University of Florida/Egm6341/s10.Team2/HW1

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Problem 1[edit | edit source]

Problem Statement[edit | edit source]

Find and plot graph of the function for

Solution[edit | edit source]

This limit cannot be performed directly since it yields form. So, the L'Hôpitals Rule technique must be used:

L'Hôpitals Rule States:



as long as f and g are functions that are differentiable on an open interval (a,b) which contains c, except at c itself.

Applying this technique the following is found:

Graph of (on X-axis) versus (on Y-axis)

Egm6341.s10.Team2.hw1Problem1.jpg

MATLAB Code:

To generate the graph for vs

for i=1:1000
x=((i-1)/1000);
y=(exp(x)-1)/x;
plot(x,y);
hold on;
end


Solution for problem 1: Guillermo Varela 19:41, 27 January 2010 (UTC) and Srikanth Madala 19:41, 27 January 2010 (UTC)

Proofread problem 1: Guillermo Varela 19:41, 27 January 2010 (UTC) and Srikanth Madala 19:41, 27 January 2010 (UTC)

Problem 2[edit | edit source]

Problem Statement[edit | edit source]

Pg. 2-3, Find and of

Solution[edit | edit source]

The Taylor's series expansion for any function f(x) can be expressed as follows:

where





If f(x) is considered to be , then by using the above expansion, becomes:



Let , then:



Similarly, becomes:



Using Integral mean value theorem (IMVT):



where lies in


Solution for problem 2: Srikanth Madala 19:41, 27 January 2010 (UTC)

Proofread problem 2: Egm6341.s10.team2.patodon 04:21, 21 February 2010 (UTC)

Problem 3[edit | edit source]

Problem Statement[edit | edit source]

Pg. 3-3.

Plot f and g

Find Infinity norm of

i)

ii)

iii)

Solution[edit | edit source]

The Infinity norm is defined as follows:

Using this definition the following is identified:

i)

ii)

iii)

Problem3.jpg


Solution for problem 3: Guillermo Varela

Problem 4[edit | edit source]

Problem Statement[edit | edit source]

Pg 5-1.

Prove the Integral Mean Value Theorem (IMVT) p. 2-3 for w(.) non-negative. i.e

Solution[edit | edit source]

We have the IMVT as

For a given function Let m be the minimum of the function and M be the maximum of the same function

Then we know that,

multiplying the inequality throughout by and integrating between we get:

writing , we get

It is seen that when w(x) = 0, the result is valid. Consider the case when w(x) > 0

dividing throughout by

From the Intermediate Value Theorem, we know that there exists such that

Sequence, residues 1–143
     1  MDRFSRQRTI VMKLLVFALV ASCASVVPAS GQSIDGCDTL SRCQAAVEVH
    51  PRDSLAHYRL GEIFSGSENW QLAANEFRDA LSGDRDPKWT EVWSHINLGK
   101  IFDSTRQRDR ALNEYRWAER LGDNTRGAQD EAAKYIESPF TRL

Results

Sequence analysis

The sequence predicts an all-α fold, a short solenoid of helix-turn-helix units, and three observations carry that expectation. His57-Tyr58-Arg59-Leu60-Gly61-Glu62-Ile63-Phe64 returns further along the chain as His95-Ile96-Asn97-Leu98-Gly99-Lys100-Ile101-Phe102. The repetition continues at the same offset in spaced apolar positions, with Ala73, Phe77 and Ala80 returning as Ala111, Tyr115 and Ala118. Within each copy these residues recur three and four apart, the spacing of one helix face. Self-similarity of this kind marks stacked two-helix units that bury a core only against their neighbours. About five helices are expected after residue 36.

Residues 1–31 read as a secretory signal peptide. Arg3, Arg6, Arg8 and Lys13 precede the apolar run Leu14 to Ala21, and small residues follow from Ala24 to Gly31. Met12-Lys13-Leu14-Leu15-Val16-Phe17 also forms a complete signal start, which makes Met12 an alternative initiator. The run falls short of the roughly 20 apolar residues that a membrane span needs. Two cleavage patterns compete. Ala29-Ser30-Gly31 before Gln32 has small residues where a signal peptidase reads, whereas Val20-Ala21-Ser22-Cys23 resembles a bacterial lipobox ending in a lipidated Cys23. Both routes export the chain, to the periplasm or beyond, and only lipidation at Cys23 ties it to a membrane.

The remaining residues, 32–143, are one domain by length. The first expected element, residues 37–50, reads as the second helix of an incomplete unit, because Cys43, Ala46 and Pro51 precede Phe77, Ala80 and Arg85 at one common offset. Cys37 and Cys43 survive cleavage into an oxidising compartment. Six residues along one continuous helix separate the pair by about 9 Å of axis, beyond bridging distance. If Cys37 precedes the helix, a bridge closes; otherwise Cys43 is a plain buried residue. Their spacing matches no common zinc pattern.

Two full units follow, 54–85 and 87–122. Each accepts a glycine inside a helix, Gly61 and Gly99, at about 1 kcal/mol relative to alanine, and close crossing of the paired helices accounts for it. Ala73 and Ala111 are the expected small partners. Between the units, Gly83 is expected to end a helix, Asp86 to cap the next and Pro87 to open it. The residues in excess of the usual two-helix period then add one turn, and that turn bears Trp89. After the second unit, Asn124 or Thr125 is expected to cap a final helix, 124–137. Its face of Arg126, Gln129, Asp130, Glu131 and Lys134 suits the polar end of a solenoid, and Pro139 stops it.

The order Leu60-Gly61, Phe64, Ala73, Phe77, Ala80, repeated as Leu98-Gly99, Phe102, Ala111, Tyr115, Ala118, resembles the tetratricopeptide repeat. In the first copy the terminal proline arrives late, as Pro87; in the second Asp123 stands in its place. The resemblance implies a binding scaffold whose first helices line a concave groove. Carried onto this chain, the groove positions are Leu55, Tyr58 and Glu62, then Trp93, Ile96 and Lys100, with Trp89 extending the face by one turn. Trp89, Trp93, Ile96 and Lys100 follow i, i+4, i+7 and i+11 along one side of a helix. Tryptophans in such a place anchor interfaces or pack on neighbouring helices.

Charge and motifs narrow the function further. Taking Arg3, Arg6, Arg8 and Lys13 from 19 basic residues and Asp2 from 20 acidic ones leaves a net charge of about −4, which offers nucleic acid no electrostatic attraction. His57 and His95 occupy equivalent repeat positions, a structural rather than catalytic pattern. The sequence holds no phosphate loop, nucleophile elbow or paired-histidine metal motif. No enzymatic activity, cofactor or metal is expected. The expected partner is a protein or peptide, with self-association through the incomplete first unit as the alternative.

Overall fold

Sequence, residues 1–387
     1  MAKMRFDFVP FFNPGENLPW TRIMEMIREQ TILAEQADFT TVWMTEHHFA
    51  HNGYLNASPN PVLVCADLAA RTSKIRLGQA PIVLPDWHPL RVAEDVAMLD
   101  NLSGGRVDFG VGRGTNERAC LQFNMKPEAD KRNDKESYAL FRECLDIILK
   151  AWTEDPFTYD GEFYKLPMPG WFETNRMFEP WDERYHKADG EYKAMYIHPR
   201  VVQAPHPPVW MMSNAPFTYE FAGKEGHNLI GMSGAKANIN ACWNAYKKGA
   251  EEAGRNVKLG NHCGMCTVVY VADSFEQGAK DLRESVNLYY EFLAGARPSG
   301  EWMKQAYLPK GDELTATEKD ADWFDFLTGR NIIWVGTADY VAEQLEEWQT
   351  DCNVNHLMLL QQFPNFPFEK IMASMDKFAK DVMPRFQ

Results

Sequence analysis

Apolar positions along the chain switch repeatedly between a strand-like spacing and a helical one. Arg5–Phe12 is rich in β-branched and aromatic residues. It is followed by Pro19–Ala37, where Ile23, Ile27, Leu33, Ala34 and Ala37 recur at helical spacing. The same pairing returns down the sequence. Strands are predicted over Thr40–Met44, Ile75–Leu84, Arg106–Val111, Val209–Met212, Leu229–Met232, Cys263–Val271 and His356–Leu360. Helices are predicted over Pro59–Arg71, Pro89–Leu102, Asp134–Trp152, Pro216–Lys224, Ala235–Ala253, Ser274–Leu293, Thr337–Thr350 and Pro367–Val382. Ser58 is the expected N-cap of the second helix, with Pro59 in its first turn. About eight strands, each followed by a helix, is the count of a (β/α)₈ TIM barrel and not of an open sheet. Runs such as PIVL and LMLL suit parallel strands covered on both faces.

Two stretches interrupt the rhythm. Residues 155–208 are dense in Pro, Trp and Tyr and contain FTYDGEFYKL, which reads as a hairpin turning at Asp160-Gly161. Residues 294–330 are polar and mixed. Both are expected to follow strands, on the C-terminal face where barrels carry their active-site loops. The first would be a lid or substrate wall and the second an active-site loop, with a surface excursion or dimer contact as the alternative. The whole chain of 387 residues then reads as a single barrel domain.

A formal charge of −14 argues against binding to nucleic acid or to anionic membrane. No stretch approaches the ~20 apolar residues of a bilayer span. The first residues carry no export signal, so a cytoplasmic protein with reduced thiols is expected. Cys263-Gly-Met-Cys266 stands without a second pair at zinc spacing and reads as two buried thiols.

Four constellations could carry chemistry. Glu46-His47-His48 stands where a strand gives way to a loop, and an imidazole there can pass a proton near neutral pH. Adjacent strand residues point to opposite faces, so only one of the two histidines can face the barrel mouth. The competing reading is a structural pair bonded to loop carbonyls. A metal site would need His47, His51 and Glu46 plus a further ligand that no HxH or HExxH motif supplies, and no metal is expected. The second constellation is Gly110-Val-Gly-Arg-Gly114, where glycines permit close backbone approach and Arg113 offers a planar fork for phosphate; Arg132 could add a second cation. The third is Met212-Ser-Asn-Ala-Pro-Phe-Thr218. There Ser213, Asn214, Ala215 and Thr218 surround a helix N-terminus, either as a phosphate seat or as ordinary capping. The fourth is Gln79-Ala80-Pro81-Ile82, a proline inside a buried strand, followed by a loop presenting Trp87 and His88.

i.e

Hence Proved


Solution for problem 4: --Egm6341.s10.team2.niki 23:22, 20 February 2010 (UTC)

Proofread problem 4:

Problem 5[edit | edit source]

Problem Statement[edit | edit source]

Pg. 5-1. Use the integral mean value theorem (IMVT) to show eq. 5 P. 2-2 yields the equation 1 of pg. 2-3.

Solution[edit | edit source]

Egm6341.S10.Team2.Problem5.JPG


Solution for problem 5: Jiang Pengxiang

Proofread problem 5: Srikanth Madala 19:41, 27 January 2010 (UTC)

Problem 6[edit | edit source]

Problem Statement[edit | edit source]

Pg. 5-3. Repeat integration by parts to reveal

Plus the remainder.

Next, Assume eq. 4 and 5 of Pg. 2-2 are true, do integration by parts once more.

Solution[edit | edit source]

From Meeting 5 lecture notes:

Integration by parts yields:

Performing integration by parts on the integral in the above result:


Solution for problem 6: Egm6341.s10.team2.patodon 04:15, 21 February 2010 (UTC)

Proofread problem 6: Guillermo Varela

Problem 7[edit | edit source]

Problem Statement[edit | edit source]

Pg. 6-1

Construct Taylor Series of f(.) around for n=0,1,...,10 and plot for each n.

Solution[edit | edit source]

The Taylor's series expansion for any function can be expressed as follows:

where





If is considered to be , and , then by using the above expansion, and becomes:



where (Please see the below Matlab code for more elaborate expansion)



where (Please see the below Matlab code for more elaborate expansion)

MATLAB Code:

To generate the equation for

p=0
for n = 0:10
syms x;
syms z;
f=sin(z);
g=diff(f,n);
z=(pi/4);
p=p+(((x-(pi/4))^n)/factorial(n))*g;
end

p=

sin(z)+(x-1/4*pi)*cos(z)-1/2*(x-1/4*pi)^2*sin(z)-1/6*(x-1/4*pi)^3*cos(z)+1/24*(x-1/4*pi)^4*sin(z)+1/120*(x-1/4*pi)^5*cos(z)-1/720*(x-1/4*pi)^6*sin(z)-1/5040*(x-1/4*pi)^7*cos(z)+1/40320*(x-1/4*pi)^8*sin(z)+1/362880*(x-1/4*pi)^9*cos(z)-1/3628800*(x-1/4*pi)^10*sin(z);


To generate the equation for

>> syms t
>> syms x
>> f=sin(x);
>> r= (1/factorial(10))*int(((x-t)^10)*diff(f,11),t,(pi/4),x);
>> r

r =

-1301357606610903/51946031311566097350656*cos(x)*(x^11-1/4194304*pi^11)+1301357606610903/4722366482869645213696*x*cos(x)*(x^10-1/1048576*pi^10)-6506788033054515/4722366482869645213696*x^2*cos(x)*(x^9-1/262144*pi^9)+19520364099163545/4722366482869645213696*x^3*cos(x)*(x^8-1/65536*pi^8)-19520364099163545/2361183241434822606848*x^4*cos(x)*(x^7-1/16384*pi^7)+27328509738828963/2361183241434822606848*x^5*cos(x)*(x^6-1/4096*pi^6)-27328509738828963/2361183241434822606848*x^6*cos(x)*(x^5-1/1024*pi^5)+19520364099163545/2361183241434822606848*x^7*cos(x)*(x^4-1/256*pi^4)-19520364099163545/4722366482869645213696*x^8*cos(x)*(x^3-1/64*pi^3)+6506788033054515/4722366482869645213696*x^9*cos(x)*(x^2-1/16*pi^2)-1301357606610903/4722366482869645213696*x^10*cos(x)*(x-1/4*pi)


To generate the graph for vs ; where

z=pi/4;
for i= 1:1:1000
x = ((i-1)/1000)*pi;
p=sin(z)+(x-1/4*pi)*cos(z)-1/2*(x-1/4*pi)^2*sin(z)-1/6*(x-1/4*pi)^3*cos(z)+1/24*(x-1/4*pi)^4*sin(z)+1/120*(x-1/4*pi)^5*cos(z)-1/720*(x-1/4*pi)^6*sin(z)-1/5040*(x-1/4*pi)^7*cos(z)+1/40320*(x-1/4*pi)^8*sin(z)+1/362880*(x-1/4*pi)^9*cos(z)-1/3628800*(x-1/4*pi)^10*sin(z);
r=-1301357606610903/51946031311566097350656*cos(x)*(x^11-1/4194304*pi^11)+1301357606610903/4722366482869645213696*x*cos(x)*(x^10-1/1048576*pi^10)-6506788033054515/4722366482869645213696*x^2*cos(x)*(x^9-1/262144*pi^9)+19520364099163545/4722366482869645213696*x^3*cos(x)*(x^8-1/65536*pi^8)-19520364099163545/2361183241434822606848*x^4*cos(x)*(x^7-1/16384*pi^7)+27328509738828963/2361183241434822606848*x^5*cos(x)*(x^6-1/4096*pi^6)-27328509738828963/2361183241434822606848*x^6*cos(x)*(x^5-1/1024*pi^5)+19520364099163545/2361183241434822606848*x^7*cos(x)*(x^4-1/256*pi^4)-19520364099163545/4722366482869645213696*x^8*cos(x)*(x^3-1/64*pi^3)+6506788033054515/4722366482869645213696*x^9*cos(x)*(x^2-1/16*pi^2)-1301357606610903/4722366482869645213696*x^10*cos(x)*(x-1/4*pi)